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Book Review: Fated by S.G. Browne

Book Review: Fated by S.G. BrowneSummary:
Fabio is not a fan of his job as Fate.  He never gets to actually influence the idiotic humans in his charge (everyone off the path of Destiny).  He just gets to show up at the moment of their fateful decisions.  Falling in love with a human (who just so happens to be on the path of Destiny) breaks rule #1, and once you break one rule, you may as well break others…. Soon, Fabio is interfering in his charges’ fateful decisions, but just how long can he do this without causing havoc and escaping Jerry’s (God’s) notice?

Review:
I remember I first acquired this because I really enjoyed Browne’s other novel, Breathers: A Zombie’s Lament (review).  Although this book uses a similar irreverent tune, it just doesn’t work out as well given the content.  Add in a few writing quirks and an ending that made me simultaneously scratch my head and go ewww, this just didn’t work for me.

The first thing that bothered me about the book is a quirk Fabio (our narrator) has to describe each and every character we encounter in the following way: “The thing about [name] is, s/he is [character flaw].”  It’s cutesie the first few times.  By the twentieth time it’s irritating and by the thirtieth you’re kind of wondering what the heck is wrong with Fabio that he’s been alive for this many thousands of years and still can’t seem to come up with a more creative way to talk.

The book’s mythology firmly asserts that Christianity is right.  Although there’s a mysterious aside about how the Greek/Roman mythological gods and goddesses did exist but stopped being important once people stopped believing in them.  So, in spite of Jerry and all of his servants all asserting that Jesus is the Son of God and Christianity is right, there’s also this idea that something else once existed when people believed in it.  There is also an immortal character of Karma, who we are told exists mostly because of the many people in India who believe in him.  You can probably spot the problem with these co-existing ideas.  If immortal ideas/people exist because of belief, why would the only ones in existence be the Christian God and Karma, currently?  There are clearly other religions in the world that people currently believe in, so…….My issue isn’t with the author choosing to assert that the Christian God is the one that is true in this world (although some readers might be bothered by it).  My issue is that the book simultaneously does this and says that other gods/ideas can exist with belief, but then limits these to only ancient Greek/Roman gods and goddesses and modern-day Karma. This doesn’t work within the logic of the world that the author set up.  It really bugged me.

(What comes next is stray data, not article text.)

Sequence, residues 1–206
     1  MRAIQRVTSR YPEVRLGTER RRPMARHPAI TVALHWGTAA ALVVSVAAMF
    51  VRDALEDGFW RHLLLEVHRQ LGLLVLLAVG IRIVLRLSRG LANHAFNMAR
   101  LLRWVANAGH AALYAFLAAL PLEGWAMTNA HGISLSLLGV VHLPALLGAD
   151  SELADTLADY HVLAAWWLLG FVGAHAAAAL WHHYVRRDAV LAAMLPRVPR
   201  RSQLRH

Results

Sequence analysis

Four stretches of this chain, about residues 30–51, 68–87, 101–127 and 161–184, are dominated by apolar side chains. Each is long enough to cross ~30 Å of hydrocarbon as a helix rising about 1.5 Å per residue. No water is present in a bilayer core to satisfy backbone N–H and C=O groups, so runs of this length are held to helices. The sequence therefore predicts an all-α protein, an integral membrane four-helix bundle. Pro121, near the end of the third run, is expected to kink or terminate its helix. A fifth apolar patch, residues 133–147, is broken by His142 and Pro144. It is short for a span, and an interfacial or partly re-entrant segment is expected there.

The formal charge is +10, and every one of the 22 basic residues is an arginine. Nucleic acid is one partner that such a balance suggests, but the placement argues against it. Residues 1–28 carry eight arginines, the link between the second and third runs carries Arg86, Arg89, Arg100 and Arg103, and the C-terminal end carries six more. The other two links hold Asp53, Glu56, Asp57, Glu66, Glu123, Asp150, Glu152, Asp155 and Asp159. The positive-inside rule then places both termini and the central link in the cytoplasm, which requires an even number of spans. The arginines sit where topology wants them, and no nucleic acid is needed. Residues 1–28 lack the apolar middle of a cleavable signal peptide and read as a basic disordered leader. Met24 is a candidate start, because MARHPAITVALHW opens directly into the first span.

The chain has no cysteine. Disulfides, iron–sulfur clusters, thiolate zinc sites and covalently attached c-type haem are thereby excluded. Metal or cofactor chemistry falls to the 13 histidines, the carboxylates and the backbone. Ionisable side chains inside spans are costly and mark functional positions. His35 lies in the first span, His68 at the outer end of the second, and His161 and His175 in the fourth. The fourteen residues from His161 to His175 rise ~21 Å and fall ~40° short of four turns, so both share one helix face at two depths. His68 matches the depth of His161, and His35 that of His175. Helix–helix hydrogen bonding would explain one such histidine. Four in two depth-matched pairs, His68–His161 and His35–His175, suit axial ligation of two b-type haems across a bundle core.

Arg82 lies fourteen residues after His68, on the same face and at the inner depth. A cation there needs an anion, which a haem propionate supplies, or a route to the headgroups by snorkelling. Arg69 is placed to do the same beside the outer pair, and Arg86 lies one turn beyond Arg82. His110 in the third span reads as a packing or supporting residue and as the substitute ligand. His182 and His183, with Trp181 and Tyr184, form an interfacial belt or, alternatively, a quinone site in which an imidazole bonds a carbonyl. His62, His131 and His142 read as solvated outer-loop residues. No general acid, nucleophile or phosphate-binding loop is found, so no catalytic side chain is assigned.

There is also the problem that the immortal characters (well, and the human ones, but let’s focus on the immortal ones) are divided up in a very gender normative way.  Destiny, Lust, and Lady Luck, Secrecy, and Honesty are all women.  Sloth, Gluttony, Death, Fate, Karma, oh yeah and GOD are all men.  Lust is an overwrought caricature of the evil temptress woman.  Honesty is basically the most feminine innocent woman you could meet.  It’s the classic virgin/whore dichotomy (oh and don’t forget the Virgin Mary, who’s also obviously mentioned quite a bit).  It’s not exactly better for the men, being stuck with either being a lazy slob, someone who violently kills everyone, or Fate himself.  Even if the reader is personally ok with gender normativity, this collection of characters is just expected and dull.  There’s nothing that really throws the reader a curveball or strikes as creative.  Right down to God going by the name Jerry and having a bureaucratic office in the sky.